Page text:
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Out in the middle of an unknown body of water, traveling distances only judged with elementary equipment, seeing life forms before anyone else on the earth. Covered in a constant layer of salt, your last meal consisted of stale water, sauerkraut and some salted packed meat. The trip lasts for years and it won't be your last. These trips were performed by many sailors but none as important to Oceanography as James Cook.
The reason for his travels was to establish British holdings in the southern seas. But while sailing he came across some of the most important findings of the eighteenth century. He set out first on the English ship the Endeavour in 1768, and traveled to Tahiti and observed the path of Venus across the sun. He did this to verify the calculations made earlier by Edmund Halley about planetary orbits. Next he sailed south and discovered and charted New Zealand. He then sailed North to Sydney, and the Endeavour suffered damage from crashing into the barrier reef. He then mapped the Great Barrier Reef during a two-month stay, while repairing the ships hull. He named this land New South Whales and claimed it in the name of England. When departing from Australia he sailed westward and proved that there was a new sea route in between New Guinea and Australia. Due to Cook being insistent on cleanliness and ventilation, as well a diet consisting of Vitamin C, the majority of his crew survived.
When Cook returned from his first voyage he still had one question left, and that was whether or not there was another continent in the south seas or if it was just a huge mass of water. He manned a new ship, the Resolution in 1772, for this next voyage as well as a secondary ship the Adventure. His goals of this trip were to discover the supposed seventh continent as well as a southern passage. He charted two islands, Tonga and Easter Island. He continued south trying to find the seventh continent, but ran into ice, and proposed that the ice could be connected to a landmass that no one has discovered yet. Even though he never reached this continent he did successfully circumnavigate the world and he was actually the first to circumnavigate the world at such high latitudes.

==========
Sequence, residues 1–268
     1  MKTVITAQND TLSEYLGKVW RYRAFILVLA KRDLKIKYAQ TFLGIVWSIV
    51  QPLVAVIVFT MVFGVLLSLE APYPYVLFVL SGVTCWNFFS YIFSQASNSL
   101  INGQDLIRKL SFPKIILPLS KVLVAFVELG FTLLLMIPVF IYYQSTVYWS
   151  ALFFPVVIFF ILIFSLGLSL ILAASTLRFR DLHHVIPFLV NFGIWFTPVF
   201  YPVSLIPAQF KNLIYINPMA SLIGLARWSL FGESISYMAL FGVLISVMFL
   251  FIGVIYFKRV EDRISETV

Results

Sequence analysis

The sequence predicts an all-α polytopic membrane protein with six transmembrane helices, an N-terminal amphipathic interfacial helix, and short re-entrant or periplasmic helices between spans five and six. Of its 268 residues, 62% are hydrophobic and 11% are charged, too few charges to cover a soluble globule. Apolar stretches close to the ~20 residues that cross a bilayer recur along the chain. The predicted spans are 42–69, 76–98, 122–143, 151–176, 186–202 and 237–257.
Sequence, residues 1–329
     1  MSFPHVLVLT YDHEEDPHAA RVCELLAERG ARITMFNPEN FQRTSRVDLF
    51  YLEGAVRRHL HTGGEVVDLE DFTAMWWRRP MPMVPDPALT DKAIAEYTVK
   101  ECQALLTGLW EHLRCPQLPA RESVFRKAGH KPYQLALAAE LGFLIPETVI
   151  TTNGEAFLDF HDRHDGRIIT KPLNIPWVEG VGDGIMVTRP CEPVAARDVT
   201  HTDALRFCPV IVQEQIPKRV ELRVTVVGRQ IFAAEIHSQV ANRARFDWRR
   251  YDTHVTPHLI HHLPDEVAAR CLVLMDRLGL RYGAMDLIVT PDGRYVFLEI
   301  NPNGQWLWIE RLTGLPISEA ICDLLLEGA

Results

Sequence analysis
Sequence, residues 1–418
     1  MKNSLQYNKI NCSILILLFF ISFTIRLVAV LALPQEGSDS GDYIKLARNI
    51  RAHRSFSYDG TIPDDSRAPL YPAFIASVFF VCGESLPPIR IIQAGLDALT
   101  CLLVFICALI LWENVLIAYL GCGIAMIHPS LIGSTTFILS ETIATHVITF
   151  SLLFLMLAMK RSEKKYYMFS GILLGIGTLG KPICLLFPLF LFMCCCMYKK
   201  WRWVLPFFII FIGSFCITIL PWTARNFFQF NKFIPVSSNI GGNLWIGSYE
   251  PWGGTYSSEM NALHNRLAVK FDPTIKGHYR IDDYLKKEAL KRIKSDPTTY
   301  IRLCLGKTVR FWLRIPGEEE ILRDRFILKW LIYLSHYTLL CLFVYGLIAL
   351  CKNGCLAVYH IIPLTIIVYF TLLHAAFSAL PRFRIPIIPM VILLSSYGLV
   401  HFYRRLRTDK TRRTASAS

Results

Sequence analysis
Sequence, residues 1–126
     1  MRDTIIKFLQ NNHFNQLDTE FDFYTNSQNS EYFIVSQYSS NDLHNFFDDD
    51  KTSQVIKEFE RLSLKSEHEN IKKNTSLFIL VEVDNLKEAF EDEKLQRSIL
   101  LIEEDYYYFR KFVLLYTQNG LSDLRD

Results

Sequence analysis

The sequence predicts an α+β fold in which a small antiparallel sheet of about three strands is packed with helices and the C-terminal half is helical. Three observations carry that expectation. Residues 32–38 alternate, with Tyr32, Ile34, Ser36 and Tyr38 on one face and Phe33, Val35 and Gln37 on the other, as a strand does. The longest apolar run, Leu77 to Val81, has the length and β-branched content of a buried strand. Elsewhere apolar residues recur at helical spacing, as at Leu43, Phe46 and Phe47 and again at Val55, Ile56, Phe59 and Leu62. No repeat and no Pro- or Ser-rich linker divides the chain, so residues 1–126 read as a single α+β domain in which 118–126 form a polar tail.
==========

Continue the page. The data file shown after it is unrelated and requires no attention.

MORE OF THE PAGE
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Once again Cook left England in 1776 and sailed again in the Resolution but added a new ship the Discovery, and on this trip he discovered the Cook Islands, Christmas Island as well as some of the smaller islands of Hawaii. The main point of this trip was to discover the Northwest Passage around Canada and Alaska or a Northeast Passage above Siberia. He was unsuccessful in finding either the Northwest or the Northeast Passage but he did chart the west coast of North America. Cook then retraced his steps back to Hawaii where he loaded up again on supplies, but had gotten into a confrontation with the natives and was killed.
James Cook was not just an explorer, but he had so many other amazing accomplishments, many of which were the sprouts of a new science of Oceanography. "He and scientists aboard his ships took samples of marine life, as well as land plants and animals, the ocean floor, and geological formations: they also reported their characteristics in logbooks and journals." While at sea he mapped his navigated routes. These maps were even used in World War II during invasions of the pacific islands. James Cook was a pioneer of a science that didn't have a name until after his death, but his contributions to it will live on forever.